Real Answers from Real Pilots

Going from Private to Instrument Rating-With a 3 year gap

Howdy!

I just have a question/concern that has been on the back of my mind lately. I received my private license back in the fall of 2014 and absolutely loved it. I have not flown since due to other commitments in my life but I am fully committed to continue my flight training in January 2018 to hopefully someday fly for the majors. My question is do you think it would be hard to train for your instrument rating when you have not flown for over 3 years? Some people have told me it’s just like riding a bike, flying is a skill that you will always retain. Just curious if anyone else has been in my shoes or have heard of anyone being in my shoes and has had a successful experience continuing their flight training. Thank you!

-Kyle

Kyle,

Flying is absolutely not like riding a bike. It is very easy to become stale at it and it can happen very quickly. I strongly recommend that you get some time in the airplane and in ground school with an instructor to help bring you back up to speed.

Chris

Hello Kyle,

I helped two students that hadn’t flown in years get their instrument
rating. One hadn’t flown regularly for 10 years. The other 2 years. It
wasn’t the flying that they struggled with. It was their knowledge. Both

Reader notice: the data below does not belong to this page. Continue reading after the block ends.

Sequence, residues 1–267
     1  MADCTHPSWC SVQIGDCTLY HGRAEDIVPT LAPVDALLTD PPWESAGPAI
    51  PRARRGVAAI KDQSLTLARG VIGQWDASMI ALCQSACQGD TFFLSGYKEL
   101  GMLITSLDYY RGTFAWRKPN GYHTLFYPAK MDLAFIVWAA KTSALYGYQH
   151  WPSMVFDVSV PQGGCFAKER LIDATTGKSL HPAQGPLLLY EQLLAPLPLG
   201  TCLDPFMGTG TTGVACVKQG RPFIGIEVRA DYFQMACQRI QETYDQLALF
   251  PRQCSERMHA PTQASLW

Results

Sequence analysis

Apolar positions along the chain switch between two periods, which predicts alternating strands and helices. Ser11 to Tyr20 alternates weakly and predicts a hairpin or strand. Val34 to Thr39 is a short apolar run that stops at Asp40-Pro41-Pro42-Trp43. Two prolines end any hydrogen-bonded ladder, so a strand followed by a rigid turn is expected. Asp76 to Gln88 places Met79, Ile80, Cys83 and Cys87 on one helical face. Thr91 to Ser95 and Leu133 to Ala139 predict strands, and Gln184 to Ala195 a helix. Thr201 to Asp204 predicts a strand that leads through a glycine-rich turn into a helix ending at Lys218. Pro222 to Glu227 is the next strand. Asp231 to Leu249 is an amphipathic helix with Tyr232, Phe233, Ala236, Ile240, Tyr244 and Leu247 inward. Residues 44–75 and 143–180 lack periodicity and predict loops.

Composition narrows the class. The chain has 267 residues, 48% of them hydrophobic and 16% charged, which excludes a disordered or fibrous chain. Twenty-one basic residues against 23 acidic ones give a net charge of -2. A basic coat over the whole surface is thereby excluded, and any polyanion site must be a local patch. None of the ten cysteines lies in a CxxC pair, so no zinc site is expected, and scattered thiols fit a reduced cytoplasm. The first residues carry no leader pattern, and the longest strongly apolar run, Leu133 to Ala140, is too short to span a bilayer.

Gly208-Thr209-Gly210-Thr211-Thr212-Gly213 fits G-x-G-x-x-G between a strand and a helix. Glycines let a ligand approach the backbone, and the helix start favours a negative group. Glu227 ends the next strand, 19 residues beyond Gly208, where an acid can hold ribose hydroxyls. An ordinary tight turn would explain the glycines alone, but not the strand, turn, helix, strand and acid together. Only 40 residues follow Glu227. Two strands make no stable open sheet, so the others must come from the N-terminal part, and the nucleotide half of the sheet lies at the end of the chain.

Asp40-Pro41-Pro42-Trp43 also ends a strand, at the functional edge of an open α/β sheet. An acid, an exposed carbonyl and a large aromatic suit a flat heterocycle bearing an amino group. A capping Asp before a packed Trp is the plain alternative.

succeeded, but one student required much more attention than the other. It
boiled down to the individual.

One student got a BFR prior to starting ATP. That was VERY smart of him and
I advise you to do the same. It will serve you well, especially when you
have to recall all that private knowledge when you train for commercial.
Anyway, he had a work ethic unlike any I had ever seen. He had an hour and
a half commute and still managed to show up early, even for an 0800
showtime. If I told him to do something he would do it. He was always
prepared for his lessons. He passed his instrument ride with flying colors
and completed the full ATP program. He instructed at an international
flight school in California for 18 months and now he’s flying Centurions on
floats in Alaska before he flies for a regional.

The other student, however, THOUGHT he had gotten a BFR before starting
ATP, but didn’t…no need to ask why. That’s beside the point. But, that’s
definitely not the best way to start out. This student was a handful. He’s
the kind of student that was in it for the wrong reasons. He was more
interested in the “cool factor” than the responsibility. That mentality
quickly changed when he realized how much more effort was required of him.
Commercial was a struggle for him too. He managed to pass his instrument
ride and later received his commercial multi and single and is now flying
for an aerial photography company all over the US.

So, it is possible. Like I said, go get current. It’s not required, but if
you have the time it makes things so much easier.

Tory

Kyle,

I had my PPL but went 13yrs without flying when I signed up at ATP. I’m not sure if they still offer it, but I explained to ATP my situation and they had me come in a week early and get myself current. It was great because my RE-introduction to flying was done by the instructor I’d end up spending the next few months with before the formal “clock” started ticking. A week later I took my Multi checkride and 3 weeks after that earned my Instrument rating. Definitely not like riding a bicycle but it does come back.

Adam